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How David Cameron encouraged the Queen to ‘raise an eyebrow’ over Scottish independence

David Cameron has admitted for the first time that he encouraged the Queen to intervene on the eve of the Scottish referendum.

The former prime minister told a BBC documentary he suggested the monarch could ‘raise an eyebrow’ during the campaign.

Soon after his intervention, the Queen told a well-wisher near Balmoral that she hoped ‘people would think very carefully about the future’.

It came on the weekend before the make-or-break referendum on September 18, 2014 and was seen as pivotal.

Mr Cameron said he was forced into the desperate move after a devastating poll showed Scotland was on the verge of voting for independence.

He strenuously denied that what he had done was ‘improper or unconstitutional’.

But his admission that he made the intervention is likely to be controversial because the Queen is supposed to be scrupulously neutral in matters of politics.

David Cameron meets the Queen at Balmoral where she made a coded but significant intervention in the 2014 Scottish independence referendum 

The explosive admission was made in a two-part BBC1 documentary, The Cameron Years, which begins tonight and concludes next Thursday.

Mr Cameron said he was staying at Balmoral when a poll in The Sunday Times on September 7, 2014 put the Yes campaign ahead for the first time.

He described how it hit him ‘like a blow to the solar plexus’ and led to a ‘mounting sense of panic that this could go the wrong way’. Mr Cameron said: ‘I remember conversations I had with my private secretary and he had with the Queen’s private secretary and I had with the Queen’s private secretary, not asking for anything that would be in any way improper or unconstitutional but just a raising of the eyebrow, even, you know, a quarter of an inch, we thought would make a difference.’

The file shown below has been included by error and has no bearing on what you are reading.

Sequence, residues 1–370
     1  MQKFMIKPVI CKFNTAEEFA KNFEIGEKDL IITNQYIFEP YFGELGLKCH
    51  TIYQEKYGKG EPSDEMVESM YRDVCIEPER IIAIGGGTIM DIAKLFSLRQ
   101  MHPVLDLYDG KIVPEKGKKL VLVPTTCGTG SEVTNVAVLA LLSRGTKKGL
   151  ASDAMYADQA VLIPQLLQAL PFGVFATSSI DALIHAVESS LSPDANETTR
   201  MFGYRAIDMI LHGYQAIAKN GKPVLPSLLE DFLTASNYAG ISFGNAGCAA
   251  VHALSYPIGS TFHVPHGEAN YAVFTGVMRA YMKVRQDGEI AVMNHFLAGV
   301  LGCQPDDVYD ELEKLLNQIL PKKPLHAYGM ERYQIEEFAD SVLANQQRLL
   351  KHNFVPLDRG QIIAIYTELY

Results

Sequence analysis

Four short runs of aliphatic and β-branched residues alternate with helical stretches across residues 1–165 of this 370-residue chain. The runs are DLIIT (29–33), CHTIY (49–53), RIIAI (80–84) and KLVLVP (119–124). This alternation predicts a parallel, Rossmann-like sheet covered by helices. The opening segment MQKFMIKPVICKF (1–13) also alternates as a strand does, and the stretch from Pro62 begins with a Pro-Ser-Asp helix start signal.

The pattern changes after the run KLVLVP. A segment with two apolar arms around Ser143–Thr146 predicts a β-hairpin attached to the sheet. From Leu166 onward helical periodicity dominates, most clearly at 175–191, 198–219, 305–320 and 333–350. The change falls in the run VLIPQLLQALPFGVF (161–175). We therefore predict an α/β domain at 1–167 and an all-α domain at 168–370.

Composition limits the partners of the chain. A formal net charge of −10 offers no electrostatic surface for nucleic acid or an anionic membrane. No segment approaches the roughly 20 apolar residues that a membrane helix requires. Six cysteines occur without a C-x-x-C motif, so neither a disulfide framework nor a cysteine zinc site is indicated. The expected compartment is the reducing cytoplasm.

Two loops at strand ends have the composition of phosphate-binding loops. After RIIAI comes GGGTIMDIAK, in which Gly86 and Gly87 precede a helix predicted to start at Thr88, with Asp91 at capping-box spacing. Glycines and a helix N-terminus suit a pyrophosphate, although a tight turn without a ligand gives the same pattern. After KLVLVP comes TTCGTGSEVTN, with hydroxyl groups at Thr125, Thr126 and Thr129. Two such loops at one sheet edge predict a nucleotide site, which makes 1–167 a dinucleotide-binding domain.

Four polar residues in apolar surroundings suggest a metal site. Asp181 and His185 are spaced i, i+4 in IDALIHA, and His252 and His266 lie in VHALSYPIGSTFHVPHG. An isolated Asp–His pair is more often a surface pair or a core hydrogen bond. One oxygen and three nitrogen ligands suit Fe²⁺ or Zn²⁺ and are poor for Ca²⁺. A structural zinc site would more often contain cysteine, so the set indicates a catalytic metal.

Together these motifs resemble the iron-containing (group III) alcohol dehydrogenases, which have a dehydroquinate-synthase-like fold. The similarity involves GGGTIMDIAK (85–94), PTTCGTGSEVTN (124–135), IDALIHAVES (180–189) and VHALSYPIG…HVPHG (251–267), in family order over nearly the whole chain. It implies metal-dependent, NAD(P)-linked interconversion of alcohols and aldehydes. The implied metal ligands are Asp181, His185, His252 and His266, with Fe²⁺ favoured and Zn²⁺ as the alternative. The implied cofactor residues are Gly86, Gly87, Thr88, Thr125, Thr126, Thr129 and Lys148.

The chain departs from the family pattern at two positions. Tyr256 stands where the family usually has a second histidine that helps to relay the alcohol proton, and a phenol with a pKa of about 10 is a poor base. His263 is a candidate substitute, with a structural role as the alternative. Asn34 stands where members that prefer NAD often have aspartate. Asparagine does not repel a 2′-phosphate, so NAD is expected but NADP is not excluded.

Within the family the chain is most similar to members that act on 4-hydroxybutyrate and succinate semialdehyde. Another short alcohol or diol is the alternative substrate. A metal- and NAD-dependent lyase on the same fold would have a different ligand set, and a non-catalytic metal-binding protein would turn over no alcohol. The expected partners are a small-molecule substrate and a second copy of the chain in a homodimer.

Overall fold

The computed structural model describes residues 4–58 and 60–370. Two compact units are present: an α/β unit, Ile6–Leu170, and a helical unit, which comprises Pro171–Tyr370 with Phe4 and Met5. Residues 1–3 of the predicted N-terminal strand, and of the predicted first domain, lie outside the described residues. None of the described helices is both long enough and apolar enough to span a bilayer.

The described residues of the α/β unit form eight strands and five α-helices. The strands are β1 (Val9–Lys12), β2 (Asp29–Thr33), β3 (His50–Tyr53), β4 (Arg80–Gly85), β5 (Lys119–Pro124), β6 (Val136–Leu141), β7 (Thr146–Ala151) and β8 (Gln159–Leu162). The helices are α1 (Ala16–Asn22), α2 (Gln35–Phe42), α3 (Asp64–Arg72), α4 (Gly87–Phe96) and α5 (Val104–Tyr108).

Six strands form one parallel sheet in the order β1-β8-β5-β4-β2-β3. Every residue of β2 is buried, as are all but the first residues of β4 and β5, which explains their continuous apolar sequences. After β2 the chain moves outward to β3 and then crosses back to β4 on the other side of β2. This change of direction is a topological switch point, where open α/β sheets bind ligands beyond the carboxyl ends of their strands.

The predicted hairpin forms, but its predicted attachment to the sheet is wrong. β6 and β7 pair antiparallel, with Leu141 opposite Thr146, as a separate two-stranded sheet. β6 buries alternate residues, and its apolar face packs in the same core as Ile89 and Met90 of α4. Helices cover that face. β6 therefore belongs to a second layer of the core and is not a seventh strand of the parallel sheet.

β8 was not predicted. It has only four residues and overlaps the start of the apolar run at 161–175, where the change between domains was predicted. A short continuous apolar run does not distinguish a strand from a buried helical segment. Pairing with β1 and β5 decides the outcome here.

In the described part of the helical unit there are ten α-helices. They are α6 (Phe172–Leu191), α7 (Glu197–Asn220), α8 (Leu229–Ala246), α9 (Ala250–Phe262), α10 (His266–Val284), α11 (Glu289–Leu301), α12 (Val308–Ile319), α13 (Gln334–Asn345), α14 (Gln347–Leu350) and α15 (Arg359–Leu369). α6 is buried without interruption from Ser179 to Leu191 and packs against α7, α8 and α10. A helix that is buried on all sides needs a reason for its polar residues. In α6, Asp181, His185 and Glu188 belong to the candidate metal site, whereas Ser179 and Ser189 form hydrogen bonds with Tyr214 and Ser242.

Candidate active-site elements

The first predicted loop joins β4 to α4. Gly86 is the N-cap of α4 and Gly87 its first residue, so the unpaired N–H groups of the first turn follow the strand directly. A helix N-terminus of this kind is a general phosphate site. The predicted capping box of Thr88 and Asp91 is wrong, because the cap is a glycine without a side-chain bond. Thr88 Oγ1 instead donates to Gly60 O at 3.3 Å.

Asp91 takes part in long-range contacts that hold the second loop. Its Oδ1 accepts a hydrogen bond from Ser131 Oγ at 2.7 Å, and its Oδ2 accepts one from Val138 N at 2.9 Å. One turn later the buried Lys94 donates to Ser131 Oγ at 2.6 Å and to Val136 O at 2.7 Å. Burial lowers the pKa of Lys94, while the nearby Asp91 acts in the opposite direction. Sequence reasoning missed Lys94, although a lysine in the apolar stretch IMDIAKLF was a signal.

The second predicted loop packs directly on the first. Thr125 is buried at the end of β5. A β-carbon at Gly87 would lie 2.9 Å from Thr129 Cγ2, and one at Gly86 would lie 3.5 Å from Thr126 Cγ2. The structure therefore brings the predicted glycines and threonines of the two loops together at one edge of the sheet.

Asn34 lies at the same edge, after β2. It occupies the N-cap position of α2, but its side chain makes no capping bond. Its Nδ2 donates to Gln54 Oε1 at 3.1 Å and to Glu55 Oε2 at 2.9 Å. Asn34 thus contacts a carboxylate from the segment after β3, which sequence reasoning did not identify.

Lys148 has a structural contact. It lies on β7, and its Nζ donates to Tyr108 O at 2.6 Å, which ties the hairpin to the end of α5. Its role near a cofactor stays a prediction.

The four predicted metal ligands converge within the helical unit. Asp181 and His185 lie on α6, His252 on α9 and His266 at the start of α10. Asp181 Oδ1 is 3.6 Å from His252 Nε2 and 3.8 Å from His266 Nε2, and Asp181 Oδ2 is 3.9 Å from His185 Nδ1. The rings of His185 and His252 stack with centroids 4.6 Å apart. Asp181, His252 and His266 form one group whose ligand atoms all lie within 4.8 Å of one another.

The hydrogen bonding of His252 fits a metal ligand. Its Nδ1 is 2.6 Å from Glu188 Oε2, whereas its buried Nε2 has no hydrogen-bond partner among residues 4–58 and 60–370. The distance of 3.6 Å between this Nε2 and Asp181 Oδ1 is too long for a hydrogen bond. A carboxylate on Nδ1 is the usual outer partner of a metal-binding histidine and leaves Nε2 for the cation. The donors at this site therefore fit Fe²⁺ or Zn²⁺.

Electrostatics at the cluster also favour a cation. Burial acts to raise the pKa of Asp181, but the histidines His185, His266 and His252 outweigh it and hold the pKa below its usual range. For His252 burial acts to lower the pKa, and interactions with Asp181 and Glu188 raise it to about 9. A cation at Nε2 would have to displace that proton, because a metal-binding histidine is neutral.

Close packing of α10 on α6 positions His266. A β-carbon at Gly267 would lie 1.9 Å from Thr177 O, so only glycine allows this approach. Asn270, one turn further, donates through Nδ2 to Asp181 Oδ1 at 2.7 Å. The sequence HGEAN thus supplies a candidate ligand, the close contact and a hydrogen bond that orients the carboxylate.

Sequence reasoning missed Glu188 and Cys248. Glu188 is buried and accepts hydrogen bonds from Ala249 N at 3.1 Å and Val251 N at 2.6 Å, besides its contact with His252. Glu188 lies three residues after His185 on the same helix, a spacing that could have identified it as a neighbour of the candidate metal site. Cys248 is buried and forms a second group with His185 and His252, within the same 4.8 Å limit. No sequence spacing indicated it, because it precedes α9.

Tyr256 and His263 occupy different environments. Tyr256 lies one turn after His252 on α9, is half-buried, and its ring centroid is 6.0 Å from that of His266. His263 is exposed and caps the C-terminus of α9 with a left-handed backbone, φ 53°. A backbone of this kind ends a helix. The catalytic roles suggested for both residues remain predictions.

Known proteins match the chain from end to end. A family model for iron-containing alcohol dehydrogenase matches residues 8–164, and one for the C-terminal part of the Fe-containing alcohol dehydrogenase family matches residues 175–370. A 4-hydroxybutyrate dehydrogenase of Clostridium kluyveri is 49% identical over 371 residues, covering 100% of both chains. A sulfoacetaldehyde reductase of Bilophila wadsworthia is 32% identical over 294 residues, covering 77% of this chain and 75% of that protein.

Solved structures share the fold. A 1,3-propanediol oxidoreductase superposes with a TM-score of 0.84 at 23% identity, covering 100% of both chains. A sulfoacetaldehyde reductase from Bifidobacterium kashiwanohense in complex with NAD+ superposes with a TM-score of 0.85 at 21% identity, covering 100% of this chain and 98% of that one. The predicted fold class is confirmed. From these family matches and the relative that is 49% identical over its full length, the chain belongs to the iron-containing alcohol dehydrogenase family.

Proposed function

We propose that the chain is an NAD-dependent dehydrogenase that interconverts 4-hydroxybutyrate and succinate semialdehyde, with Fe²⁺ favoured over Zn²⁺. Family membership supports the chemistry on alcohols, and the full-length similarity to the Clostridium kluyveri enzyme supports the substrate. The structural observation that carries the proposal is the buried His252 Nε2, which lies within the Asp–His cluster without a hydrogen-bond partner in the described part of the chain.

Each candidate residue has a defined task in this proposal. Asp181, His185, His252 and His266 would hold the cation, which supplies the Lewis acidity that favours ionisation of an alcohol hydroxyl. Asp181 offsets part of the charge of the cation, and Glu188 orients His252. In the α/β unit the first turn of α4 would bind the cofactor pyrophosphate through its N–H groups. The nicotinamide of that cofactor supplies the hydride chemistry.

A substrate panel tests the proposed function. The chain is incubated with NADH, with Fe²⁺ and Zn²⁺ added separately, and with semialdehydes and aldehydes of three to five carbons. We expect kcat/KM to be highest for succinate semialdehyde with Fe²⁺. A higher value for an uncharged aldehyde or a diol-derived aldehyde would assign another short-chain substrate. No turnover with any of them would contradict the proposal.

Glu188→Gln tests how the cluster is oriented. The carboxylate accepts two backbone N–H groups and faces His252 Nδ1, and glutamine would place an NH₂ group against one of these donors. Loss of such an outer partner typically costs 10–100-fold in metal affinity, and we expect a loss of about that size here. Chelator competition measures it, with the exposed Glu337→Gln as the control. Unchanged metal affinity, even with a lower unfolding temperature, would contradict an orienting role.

A week later, on Sunday September 14, the Queen made her comment about the referendum as she left Crathie Kirk near her Balmoral estate in Aberdeenshire.

She took the highly unusual step of stopping to talk to well-wishers outside the church, while aides pointedly invited surprised photographers to come and take pictures.

‘No’ campaigners welcomed the remarks, which received widespread press coverage and were interpreted by some as helpful to their cause.

Mr Cameron said: ‘It was certainly well covered [by the media]. Although the words were very limited, I think it helped to put a slightly different perception on things.’

Scots went on to vote 55 per cent to 45 per cent in favour of remaining in the UK in the referendum.

The BBC documentary was timed to coincide with the publication of Mr Cameron’s memoirs For The Record.

SNP leader Alex Salmond quit after losing the independence referendum by 55 per cent to 45 per cent in 2014. He was replaced by Nicola Sturgeon

SNP leader Alex Salmond quit after losing the independence referendum by 55 per cent to 45 per cent in 2014. He was replaced by Nicola Sturgeon

The book makes no mention of getting the Queen involved in the referendum campaign. He merely writes: ‘Then, that Sunday, one week after the Sunday Times headline, the Queen spoke to some of those gathered outside Crathie Kirk, and said that she hoped Scots would think ‘very carefully’ about the vote. I was delighted.’

Mr Cameron wrote of his shock at the Sunday Times opinion poll that put Yes on 51 per cent and No on 49 per cent.

He said: ‘Shortly I’d be having an audience with the Queen at Balmoral Castle: she, the woman who had reigned over the United Kingdom for 62 years; me, the man who had allowed a vote on its possible disintegration.

‘Of course, she was completely charming – they all were. But as Prince Philip showed me the barbecue he had designed to roast grouse and sausages over charcoal when we were all up at the hillside bothy, the referendum was clearly on everyone’s mind.

‘They gingerly asked questions about it, but knew they shouldn’t express too strong an opinion.

‘That is the reality of a constitutional monarchy within a parliamentary democracy: a prime minister can instigate a sequence of events that could change the make-up of the country; the royal family can’t even express a view on it.’

Mr Cameron told his special adviser to do ‘whatever it takes’ to get the Scots on side. This led to a joint visit to Scotland with the then Lib Dem and Labour leaders, Nick Clegg and Ed Miliband, and a promise to rush out extra powers called ‘The Vow’.

Mr Cameron also said he regretted comments, caught on camera, in which he described how the Queen ‘purred down the line’ when he called to tell her Scotland had voted to stay in the UK. ‘I later made heartfelt apology to the Queen for commenting on our private exchange,’ he said.

Mr Cameron insisted he was ‘right to take the risk’ on the referendum, and called then Scottish first minister Alex Salmond ‘the slipperiest of characters’.

Last night Buckingham Palace declined to comment. 


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